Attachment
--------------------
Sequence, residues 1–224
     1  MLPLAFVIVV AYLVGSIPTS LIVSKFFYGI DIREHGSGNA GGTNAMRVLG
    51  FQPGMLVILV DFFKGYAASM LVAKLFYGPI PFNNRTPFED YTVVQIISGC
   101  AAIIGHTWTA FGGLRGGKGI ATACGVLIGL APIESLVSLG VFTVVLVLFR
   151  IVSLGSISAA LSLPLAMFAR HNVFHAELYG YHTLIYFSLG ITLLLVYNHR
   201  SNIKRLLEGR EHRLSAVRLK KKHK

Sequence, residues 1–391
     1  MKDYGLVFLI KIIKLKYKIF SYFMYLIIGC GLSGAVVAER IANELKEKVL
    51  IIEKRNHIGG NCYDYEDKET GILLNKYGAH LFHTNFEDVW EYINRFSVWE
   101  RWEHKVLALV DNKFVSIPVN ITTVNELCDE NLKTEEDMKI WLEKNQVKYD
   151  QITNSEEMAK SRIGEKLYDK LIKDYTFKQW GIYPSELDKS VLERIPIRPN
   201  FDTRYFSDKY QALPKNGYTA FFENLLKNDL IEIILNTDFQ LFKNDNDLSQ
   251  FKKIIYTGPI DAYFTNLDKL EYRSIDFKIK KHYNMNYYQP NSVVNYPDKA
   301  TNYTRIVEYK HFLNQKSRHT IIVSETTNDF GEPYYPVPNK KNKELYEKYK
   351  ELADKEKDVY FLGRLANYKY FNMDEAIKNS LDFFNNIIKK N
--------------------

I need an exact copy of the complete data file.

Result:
Sequence, residues 1–224
     1  MLPLAFVIVV AYLVGSIPTS LIVSKFFYGI DIREHGSGNA GGTNAMRVLG
    51  FQPGMLVILV DFFKGYAASM LVAKLFYGPI PFNNRTPFED YTVVQIISGC
   101  AAIIGHTWTA FGGLRGGKGI ATACGVLIGL APIESLVSLG VFTVVLVLFR
   151  IVSLGSISAA LSLPLAMFAR HNVFHAELYG YHTLIYFSLG ITLLLVYNHR
   201  SNIKRLLEGR EHRLSAVRLK KKHK

Sequence, residues 1–391
     1  MKDYGLVFLI KIIKLKYKIF SYFMYLIIGC GLSGAVVAER IANELKEKVL
    51  IIEKRNHIGG NCYDYEDKET GILLNKYGAH LFHTNFEDVW EYINRFSVWE
   101  RWEHKVLALV DNKFVSIPVN ITTVNELCDE NLKTEEDMKI WLEKNQVKYD
   151  QITNSEEMAK SRIGEKLYDK LIKDYTFKQW GIYPSELDKS VLERIPIRPN
   201  FDTRYFSDKY QALPKNGYTA FFENLLKNDL IEIILNTDFQ LFKNDNDLSQ
   251  FKKIIYTGPI DAYFTNLDKL EYRSIDFKIK KHYNMNYYQP NSVVNYPDKA
   301  TNYTRIVEYK HFLNQKSRHT IIVSETTNDF GEPYYPVPNK KNKELYEKYK
   351  ELADKEKDVY FLGRLANYKY FNMDEAIKNS LDFFNNIIKK N